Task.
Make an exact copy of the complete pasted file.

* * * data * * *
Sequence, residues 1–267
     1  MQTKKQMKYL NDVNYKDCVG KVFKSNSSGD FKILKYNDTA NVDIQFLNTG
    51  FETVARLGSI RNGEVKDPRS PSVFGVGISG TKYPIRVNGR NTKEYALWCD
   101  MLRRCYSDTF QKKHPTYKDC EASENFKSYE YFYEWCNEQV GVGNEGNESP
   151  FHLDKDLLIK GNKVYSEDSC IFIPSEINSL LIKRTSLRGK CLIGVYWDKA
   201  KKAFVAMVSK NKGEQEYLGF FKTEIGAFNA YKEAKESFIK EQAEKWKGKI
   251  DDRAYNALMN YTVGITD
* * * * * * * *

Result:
Sequence, residues 1–267
     1  MQTKKQMKYL NDVNYKDCVG KVFKSNSSGD FKILKYNDTA NVDIQFLNTG
    51  FETVARLGSI RNGEVKDPRS PSVFGVGISG TKYPIRVNGR NTKEYALWCD
   101  MLRRCYSDTF QKKHPTYKDC EASENFKSYE YFYEWCNEQV GVGNEGNESP
   151  FHLDKDLLIK GNKVYSEDSC IFIPSEINSL LIKRTSLRGK CLIGVYWDKA
   201  KKAFVAMVSK NKGEQEYLGF FKTEIGAFNA YKEAKESFIK EQAEKWKGKI
   251  DDRAYNALMN YTVGITD